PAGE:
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Annie Lawless is on a mission to make clean makeup as luxurious as its classic counterparts.
“As a makeup girl who loves full coverage and wears a full face of makeup every day, I just couldn’t find clean products on the market that performed the way a lot of the conventional makeup I was used to using did,” Lawless said on this week’s episode of the Glossy Beauty Podcast.
Though clean skin care had trickled down to consumers, thanks to brands like Drunk Elephant, clean makeup was largely still unchartered territory.
“It seemed so crazy to me that I was spending more on clean skin care and then putting those ingredients right back on my face five minutes later with my makeup,” she said. “We’ve all put on lipstick, and an hour later, it’s off. Where did it go? I mean, we ate it, essentially,” Lawless said.
In the latest Glossy Beauty podcast, Lawless talked about her brand founder story, what she thinks of acquisition and how why she’s eager to get back to basics.
Here are a few highlights from the conversation, lightly edited for clarity.
An opening in the market
“It seemed so crazy to me that I was spending more on clean skin care and then putting those ingredients right back on my face five minutes later with my makeup. That really was the lightbulb moment for me that I wanted to do something in beauty. When I was looking at a lot of the clean makeup out there, and [I] bought a ton of it to try to transition over to clean, as a makeup girl who loves full coverage and wears a full face of makeup every day, I just couldn’t find clean products on the market that performed the way a lot of the conventional makeup I was used to using did. That was when I knew there was this white space in the market for a high-performance, full-coverage clean [beauty brand] for the true makeup girl, not the five-minute natural look.”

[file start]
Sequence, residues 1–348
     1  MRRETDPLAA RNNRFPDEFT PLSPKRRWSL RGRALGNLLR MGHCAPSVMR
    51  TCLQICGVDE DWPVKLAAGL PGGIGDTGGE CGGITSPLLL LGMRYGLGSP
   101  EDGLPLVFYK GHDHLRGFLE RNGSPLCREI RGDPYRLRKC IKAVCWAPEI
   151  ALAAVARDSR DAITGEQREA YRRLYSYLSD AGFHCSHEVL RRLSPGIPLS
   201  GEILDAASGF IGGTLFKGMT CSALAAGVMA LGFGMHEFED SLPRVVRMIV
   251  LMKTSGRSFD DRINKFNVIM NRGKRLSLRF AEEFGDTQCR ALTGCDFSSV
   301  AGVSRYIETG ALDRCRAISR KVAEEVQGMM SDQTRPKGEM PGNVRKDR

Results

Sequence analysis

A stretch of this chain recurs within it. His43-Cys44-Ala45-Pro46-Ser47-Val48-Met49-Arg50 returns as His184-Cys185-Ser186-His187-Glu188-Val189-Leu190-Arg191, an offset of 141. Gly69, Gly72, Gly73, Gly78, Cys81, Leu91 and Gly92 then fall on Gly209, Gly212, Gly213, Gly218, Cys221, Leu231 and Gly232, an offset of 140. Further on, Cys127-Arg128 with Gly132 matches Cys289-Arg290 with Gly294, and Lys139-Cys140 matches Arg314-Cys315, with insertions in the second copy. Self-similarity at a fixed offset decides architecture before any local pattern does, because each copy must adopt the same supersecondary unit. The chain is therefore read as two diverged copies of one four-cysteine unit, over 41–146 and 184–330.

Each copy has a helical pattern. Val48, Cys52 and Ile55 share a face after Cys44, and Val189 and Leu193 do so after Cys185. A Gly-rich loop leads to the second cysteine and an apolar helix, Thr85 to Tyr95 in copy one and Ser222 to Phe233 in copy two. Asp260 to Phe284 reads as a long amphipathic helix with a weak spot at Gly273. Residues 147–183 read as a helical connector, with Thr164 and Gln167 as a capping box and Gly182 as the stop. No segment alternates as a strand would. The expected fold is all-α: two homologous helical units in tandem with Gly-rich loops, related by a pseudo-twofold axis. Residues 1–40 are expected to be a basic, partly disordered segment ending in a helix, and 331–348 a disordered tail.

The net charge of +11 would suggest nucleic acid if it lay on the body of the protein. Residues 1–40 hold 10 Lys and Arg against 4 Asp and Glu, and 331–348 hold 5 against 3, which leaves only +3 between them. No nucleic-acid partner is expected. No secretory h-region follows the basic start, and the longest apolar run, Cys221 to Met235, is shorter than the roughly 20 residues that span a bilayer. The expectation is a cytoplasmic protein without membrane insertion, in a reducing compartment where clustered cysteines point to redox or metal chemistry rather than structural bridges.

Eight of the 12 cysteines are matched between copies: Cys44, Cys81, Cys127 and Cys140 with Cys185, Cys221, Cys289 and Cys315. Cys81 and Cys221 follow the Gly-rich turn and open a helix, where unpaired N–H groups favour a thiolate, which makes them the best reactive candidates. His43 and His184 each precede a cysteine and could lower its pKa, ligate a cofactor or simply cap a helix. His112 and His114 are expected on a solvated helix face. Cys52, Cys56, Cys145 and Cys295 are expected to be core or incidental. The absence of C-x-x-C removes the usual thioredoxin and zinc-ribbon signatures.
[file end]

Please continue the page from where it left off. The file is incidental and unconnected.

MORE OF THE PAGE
Clean makeup (especially with color) is a technical challenge
“There’s a reason clean color hasn’t been as efficacious as normal, conventional makeup. To get the pigmentation without using really harsh chemical colorants, or the silicone and isododecanes — things that have that adherence to them — is really difficult.”
Being deliberate in her approach to product
“My makeup idol is Bobbi Brown. When I was in high school, I was so happy when my mom would splurge and get me something Bobbi. But my mom wore Bobbi Brown and my grandma wore Bobbi Brown. I really felt like she transcended generations and just launched great products. Even when she played with trends or color or launched a crazier palette, it was always done in a Bobbi way where there was a reason for it. There were neutrals in the palette to make the pops of color work. There was a very clear way to make the everyday woman understand the makeup and how to use it. And so that’s always been my goal when launching a product: There’s so much going on and so much noise around me. What’s true to me?”